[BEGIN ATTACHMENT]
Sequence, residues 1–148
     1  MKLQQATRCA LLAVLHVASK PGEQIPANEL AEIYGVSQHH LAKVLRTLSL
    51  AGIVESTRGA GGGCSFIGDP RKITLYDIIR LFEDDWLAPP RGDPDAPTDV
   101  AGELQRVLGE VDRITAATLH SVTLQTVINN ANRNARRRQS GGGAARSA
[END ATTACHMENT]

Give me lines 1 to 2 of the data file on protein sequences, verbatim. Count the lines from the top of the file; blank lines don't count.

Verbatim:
Sequence, residues 1–148
     1  MKLQQATRCA LLAVLHVASK PGEQIPANEL AEIYGVSQHH LAKVLRTLSL